Huh, sounds like the same strategy that works for "rough" B&M inverters.
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Saturday, March 22, 2008 9:10 PM
Jeff, I only rode Thunderhawk once last summer so maybe it was the pleasant surprise of not having the crap beaten out of me that may have "colored" my experience. It was still a much more pleasant experience than Serial Thriller (at Astroworld) or Mind Eraser at SFA.

I thought that Raptor was a strange experience last year, as most B&M's don't tend to experience headbanging that badly. Afterwards, I watched a few minutes of the onboard video that you can buy and almost everyone's heads were being thrown around.

The only B&M invert I can remember having an issue with was Talon in its first year. Some of the low sections threw me around pretty good. I rode it again at the Dorney Coasterbuzz event and got my ERT's worth and then some while enjoying it all the while.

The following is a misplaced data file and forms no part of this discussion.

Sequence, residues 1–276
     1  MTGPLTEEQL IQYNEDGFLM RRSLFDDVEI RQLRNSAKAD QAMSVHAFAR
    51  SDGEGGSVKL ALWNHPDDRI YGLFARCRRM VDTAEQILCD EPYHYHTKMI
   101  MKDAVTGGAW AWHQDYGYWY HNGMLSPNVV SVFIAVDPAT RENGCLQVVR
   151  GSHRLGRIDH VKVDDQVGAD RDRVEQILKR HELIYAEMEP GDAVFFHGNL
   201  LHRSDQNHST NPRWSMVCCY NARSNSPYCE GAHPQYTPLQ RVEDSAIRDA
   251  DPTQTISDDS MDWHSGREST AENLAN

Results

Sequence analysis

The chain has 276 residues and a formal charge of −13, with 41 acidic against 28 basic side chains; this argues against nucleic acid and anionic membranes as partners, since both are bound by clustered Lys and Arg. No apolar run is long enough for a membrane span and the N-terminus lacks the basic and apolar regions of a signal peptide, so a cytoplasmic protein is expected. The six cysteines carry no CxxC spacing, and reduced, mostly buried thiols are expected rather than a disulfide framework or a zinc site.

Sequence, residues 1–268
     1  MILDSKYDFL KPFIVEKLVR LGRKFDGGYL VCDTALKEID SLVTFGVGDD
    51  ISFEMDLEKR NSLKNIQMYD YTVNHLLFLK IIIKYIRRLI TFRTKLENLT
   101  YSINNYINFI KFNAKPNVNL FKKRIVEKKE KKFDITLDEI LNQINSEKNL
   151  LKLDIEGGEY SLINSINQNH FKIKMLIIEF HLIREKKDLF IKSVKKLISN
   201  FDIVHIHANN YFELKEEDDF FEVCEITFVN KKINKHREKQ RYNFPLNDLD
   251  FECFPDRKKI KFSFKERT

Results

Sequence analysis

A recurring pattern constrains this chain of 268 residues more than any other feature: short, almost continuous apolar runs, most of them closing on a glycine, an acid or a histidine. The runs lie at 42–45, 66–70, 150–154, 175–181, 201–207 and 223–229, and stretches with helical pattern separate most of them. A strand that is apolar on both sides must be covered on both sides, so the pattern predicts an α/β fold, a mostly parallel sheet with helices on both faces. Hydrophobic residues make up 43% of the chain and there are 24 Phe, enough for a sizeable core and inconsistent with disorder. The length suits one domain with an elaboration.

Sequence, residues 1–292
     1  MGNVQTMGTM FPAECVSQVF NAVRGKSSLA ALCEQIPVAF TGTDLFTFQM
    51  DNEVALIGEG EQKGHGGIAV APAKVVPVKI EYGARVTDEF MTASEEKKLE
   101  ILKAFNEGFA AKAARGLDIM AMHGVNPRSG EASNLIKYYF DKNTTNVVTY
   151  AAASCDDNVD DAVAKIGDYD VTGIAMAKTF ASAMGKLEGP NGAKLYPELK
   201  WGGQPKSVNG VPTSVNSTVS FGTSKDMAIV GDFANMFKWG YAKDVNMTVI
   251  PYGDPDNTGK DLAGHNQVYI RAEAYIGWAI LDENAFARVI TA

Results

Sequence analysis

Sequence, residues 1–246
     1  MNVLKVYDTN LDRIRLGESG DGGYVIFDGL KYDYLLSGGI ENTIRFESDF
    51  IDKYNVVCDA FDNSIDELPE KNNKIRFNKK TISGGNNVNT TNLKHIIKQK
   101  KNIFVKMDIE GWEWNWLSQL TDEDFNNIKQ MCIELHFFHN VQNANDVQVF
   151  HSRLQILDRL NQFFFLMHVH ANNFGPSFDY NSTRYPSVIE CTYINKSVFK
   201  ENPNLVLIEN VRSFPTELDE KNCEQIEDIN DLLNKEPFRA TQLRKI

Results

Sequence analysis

Otherwise than that, Batman the Dark Knight (now Batman the Ride) at SFNE and Dominator both have the interlocking corkscrew problem where things get a little bit rough.

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Saturday, March 22, 2008 9:29 PM
A lot of you are asking why parks would want to spend money to replace trains that already work fine. I say this. This is only my opinion.

If I were Vekoma, and, the restraint system works better than the old one. I would be one to do what makes good business sense, and offer the newly designed trains to the parks that already have their coasters at no extra cost. And, work on replacing the old systems in the off season.

It would give the company a good rep for actually caring about the coasters they build, and the people who are riding them. Obviously the new trains will greatly reduce head injuries.